Autocar's 2023 motorsport review

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Virtuoso performances and one-driver domination were running themes in the world of motor racing this year

Another year of motorsport has flown by, and 2023 was as action-packed as ever. 

From Brazil to Brands Hatch, challengers in Formula 1, the World Rally Championship and the British Touring Car Championship fought to finish the year at the top of the standings, with many surprises along the way. 

So: without further ado, read on for our top moments from this year’s motorsport calendar.

Formula 1

World champion: Max Verstappen, Red Bull Racing – Entitled and petulant but a seemingly unstoppable force 

Was this a dull Formula 1 season, given the throttling domination displayed by Max Verstappen and Red Bull Racing? It’s easy to write it off as such.

Yet while the relentless Dutchman set new records for the number of wins in a season, 10 of them consecutively, somehow each race threw up enough intrigue to keep F1’s balloon of hype inflated – and still rising: look no further than the glitz of the Las Vegas GP.

The best stories came from the unpredictable swings in form of those trailing in Verstappen’s wake, as the 26-year-old stroked all too easily to a third consecutive world crown. Behind him, predictions were often futile.

Early on, Sergio Pérez matched and even outscored his team-mate, snatching a couple of wins. But talk of the Mexican mounting a real challenge was just a mirage, and his subsequent spiral into mediocrity – driving a Honda-powered RB19 that should now be considered among the greatest F1 cars yet seen – accelerated questions about his future.

Partnering Verstappen is a thankless task, but Pérez too often proved unworthy of the seat. Behind Red Bull, Aston Martin exceeded expectations – not least its own – with a flying start, the evergreen Fernando Alonso relishing six podiums in the first eight races at the age of 42.

But the team slumped after the summer break as Alonso and Lance Stroll, who surely only remains in F1 because his father owns the team, slipped back into the midfield. Both Mercedes and Ferrari failed to find the key, in this sophomore year of the ground-effect technical regulations, to challenge Red Bull. But as Adrian Newey’s elite band of engineers turned their attention to preparing for next season, both had their moments.

Carlos Sainz Jr ended the consecutive run, and what had looked like a possible unbeaten Invincibles’ season for Red Bull, with a beautifully judged win in Singapore. Lewis Hamilton, meanwhile, batted away talk of retirement to show he’s still got a record eighth world title in him – as long as his team can rediscover its mojo.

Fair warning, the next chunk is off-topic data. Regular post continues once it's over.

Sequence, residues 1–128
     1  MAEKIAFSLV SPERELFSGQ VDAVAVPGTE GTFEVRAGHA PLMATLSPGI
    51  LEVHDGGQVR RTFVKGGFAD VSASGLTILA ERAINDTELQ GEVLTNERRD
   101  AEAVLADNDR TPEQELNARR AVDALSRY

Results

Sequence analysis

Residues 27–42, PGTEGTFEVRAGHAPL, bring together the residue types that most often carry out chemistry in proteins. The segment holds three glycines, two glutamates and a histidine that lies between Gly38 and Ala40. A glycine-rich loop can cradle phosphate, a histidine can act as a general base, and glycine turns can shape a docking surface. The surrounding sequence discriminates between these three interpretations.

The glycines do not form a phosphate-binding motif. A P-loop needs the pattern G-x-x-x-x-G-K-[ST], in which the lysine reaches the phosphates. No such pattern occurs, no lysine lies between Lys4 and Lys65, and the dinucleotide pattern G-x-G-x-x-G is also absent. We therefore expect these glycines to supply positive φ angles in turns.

The 38-year-old comprehensively outperformed team-mate George Russell, too, even if he was to blame for their awkward Turn 1 collision in Qatar. But the most surprising and impressive narrative arc of the season had to be McLaren’s, which started the season by admitting how slow it would be. So it proved, technical director James Key paying the price as he headed back from whence he came to Sauber-Alfa Romeo.

But under the steady hand of new team principal Andrea Stella, McLaren pulled off a mid-season Lazarus act, following a significant aerodynamic upgrade introduced at the Austrian GP.

Lando Norris and accomplished rookie Oscar Piastri leading Verstappen at the British GP (before bowing to the inevitable) was no flash in the pan. Norris displayed his A-list credentials throughout, while Piastri scored a sprint race win in Qatar as McLaren bounded past Aston Martin to re-establish itself as Fl’s fourth-best team. 

World Rally Championship

World champion: Kalle Rovanpera, Toyota Gazoo Racing WRT – The WRC is at his mercy–for as long as he remains motivated to rack up more titles 

Kalle Rovanpera took some time to find his groove in 2023. The previous season, the Finn won six times at just 22 years old to become by far the WRC’s youngest champion.

But this time he was finding himself overshadowed by Toyota team-mate and eight-time champion Sébastien Ogier, despite the 38-year-old insisting on rallying only part-time.

Still, with Ogier resisting a bid to equal Sébastien Loeb’s record of nine titles, it always felt only a matter of time before Rovanperä found his rhythm – as he did with his first win of the season, in Portugal, the fifth round of the series. He never relinquished top spot, even it he added only two more victories.

What marked Rovanperä’s second consecutive title was his maturity in recognising a need for consistency rather than searing pace over every stage (although he retained plenty of that, too).

It led Toyota team boss Jari-Matti Latvala to make comparisons to the great Juha Kankkunen as Rovanperä clinched his title with a round to spare, having quelled his natural instincts by backing off on the Central European Rally to finish second when a victory was in his hands.

Elfyn Evans deserves credit for emerging as the only driver to keep Rovanperä in sight, Thierry Neuville remained a class act for Hyundai and Ott Tänak grabbed a win in Sweden for M-Sport Ford, only to be frustrated by a lack of reliability.